What we need is a play-in system that works all the time. We can’t continue to have the dichotomy we’re seeing now between the East and West. The original concept got it right when it made the play-in conditional upon the teams’ relative gap with each other. The idea is that the chasing teams must be close enough to those holding the final playoff positions in each conference. The NBA should reinstate a similar condition instead of unthoughtfully giving automatic play-in spots to the 9th and 10th place teams in each conference. Here’s why I hate automatic play-in berths: it rewards mediocrity. It’s the equivalent of participation trophies for teams stuck in NBA limbo—those not good enough to contend but not bad enough to score high lottery picks.
I propose a variation of the original rule that the teams should be within a certain number of games of each other’s win-loss records. Instead of a fixed four-team play-in tournament, the number of games and participants may vary depending on the teams’ relative standings (which I’ll call the Relativity Rules; yes, I just ripped off Albert Einstein). The premise of the Relativity Rules is simple: Bad teams, out; good teams, in. Let me have a crack at it—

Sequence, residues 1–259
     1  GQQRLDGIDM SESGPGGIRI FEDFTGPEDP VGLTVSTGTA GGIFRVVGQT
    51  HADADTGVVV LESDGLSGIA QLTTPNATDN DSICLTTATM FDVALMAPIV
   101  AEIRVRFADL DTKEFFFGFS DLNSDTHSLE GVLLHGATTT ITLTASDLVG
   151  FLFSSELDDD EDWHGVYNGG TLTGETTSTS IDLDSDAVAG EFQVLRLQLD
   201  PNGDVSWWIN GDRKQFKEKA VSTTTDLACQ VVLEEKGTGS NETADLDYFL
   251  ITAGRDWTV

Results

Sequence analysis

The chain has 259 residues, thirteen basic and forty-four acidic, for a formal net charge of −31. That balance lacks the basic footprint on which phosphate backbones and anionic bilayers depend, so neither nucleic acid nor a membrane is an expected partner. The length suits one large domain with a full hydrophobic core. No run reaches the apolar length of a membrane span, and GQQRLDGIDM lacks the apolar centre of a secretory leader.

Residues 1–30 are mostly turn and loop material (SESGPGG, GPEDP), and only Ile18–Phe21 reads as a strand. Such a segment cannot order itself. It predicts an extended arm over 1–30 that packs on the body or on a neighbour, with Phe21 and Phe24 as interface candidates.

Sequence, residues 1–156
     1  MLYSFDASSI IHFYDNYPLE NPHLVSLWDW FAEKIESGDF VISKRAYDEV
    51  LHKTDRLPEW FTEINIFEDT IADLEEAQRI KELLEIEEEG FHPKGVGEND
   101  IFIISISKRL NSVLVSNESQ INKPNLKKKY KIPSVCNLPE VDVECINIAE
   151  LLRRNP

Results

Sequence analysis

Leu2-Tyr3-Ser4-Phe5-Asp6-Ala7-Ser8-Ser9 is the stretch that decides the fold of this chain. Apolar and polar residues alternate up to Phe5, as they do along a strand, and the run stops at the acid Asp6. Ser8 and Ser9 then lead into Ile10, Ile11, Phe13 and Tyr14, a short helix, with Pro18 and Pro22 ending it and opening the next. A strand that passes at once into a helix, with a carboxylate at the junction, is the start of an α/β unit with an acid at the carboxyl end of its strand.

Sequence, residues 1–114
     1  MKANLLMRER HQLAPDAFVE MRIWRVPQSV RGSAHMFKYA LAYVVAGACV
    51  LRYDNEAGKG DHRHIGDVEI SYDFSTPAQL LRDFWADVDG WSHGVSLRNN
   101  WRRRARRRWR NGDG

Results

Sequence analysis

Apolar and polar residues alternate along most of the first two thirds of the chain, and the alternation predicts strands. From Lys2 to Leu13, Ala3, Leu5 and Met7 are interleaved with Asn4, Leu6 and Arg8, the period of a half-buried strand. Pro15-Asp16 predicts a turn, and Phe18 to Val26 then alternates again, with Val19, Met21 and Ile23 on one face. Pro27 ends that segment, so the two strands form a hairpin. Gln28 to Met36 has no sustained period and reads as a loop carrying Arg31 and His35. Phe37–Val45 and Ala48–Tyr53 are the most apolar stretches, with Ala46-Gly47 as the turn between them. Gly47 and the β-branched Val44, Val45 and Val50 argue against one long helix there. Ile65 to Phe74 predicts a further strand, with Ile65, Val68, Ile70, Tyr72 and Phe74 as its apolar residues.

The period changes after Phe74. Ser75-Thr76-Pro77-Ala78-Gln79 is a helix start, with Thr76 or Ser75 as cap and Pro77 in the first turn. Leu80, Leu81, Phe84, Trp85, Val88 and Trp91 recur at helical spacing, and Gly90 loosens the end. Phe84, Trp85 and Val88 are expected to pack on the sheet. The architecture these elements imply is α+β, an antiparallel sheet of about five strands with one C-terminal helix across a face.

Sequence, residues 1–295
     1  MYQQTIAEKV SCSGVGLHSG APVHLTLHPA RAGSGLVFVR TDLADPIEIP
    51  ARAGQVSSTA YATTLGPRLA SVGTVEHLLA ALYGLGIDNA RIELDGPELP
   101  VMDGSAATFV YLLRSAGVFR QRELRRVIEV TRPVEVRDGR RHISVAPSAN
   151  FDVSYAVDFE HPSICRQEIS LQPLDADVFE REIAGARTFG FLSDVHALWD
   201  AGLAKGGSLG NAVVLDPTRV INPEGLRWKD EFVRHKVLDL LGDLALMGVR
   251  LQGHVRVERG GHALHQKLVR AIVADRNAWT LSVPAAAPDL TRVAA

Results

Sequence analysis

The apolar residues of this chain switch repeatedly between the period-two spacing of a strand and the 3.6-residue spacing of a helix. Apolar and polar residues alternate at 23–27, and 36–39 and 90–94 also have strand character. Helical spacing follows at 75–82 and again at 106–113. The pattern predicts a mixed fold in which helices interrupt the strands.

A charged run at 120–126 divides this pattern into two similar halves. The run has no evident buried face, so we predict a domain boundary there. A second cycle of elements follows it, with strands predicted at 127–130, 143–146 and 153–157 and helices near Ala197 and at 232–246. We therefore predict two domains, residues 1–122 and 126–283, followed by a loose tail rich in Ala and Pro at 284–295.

Rule 1: The number of play-in participants shall be determined by the gap between the no. 7 and no. 10 teams.
Sub-rule 1.1: If no. 10 is within five games of no. 7, there will be a four-team play-in tournament similar to the current format.
Sub-rule 1.2: If the gap between no. 7 and no. 10 exceeds five games, the no. 7 team automatically makes it to the playoffs as the 7-seed. The number of play-in participants would then be determined by the succeeding rules.
Rule 2: If no. 10 is within five games of no. 8, there will be a three-team ladder-style tournament to determine the final playoff spot. No. 9 will host no. 10 in the first play-in game, with the winner facing off with no. 8 in the second game.
Sub-rule 2.1: If the gap between no. 8 and no. 10 exceeds five games, no. 10 is automatically eliminated.
Rule 3: If sub-rule 2.1 applies and if no. 9 is within three games of no. 8, there shall be a single play-in game.
Sub-rule 3.1:If the gap between no. 8 and no. 9 exceeds three games, no. 8 automatically makes the playoffs as the 8-seed. There will be no play-in games.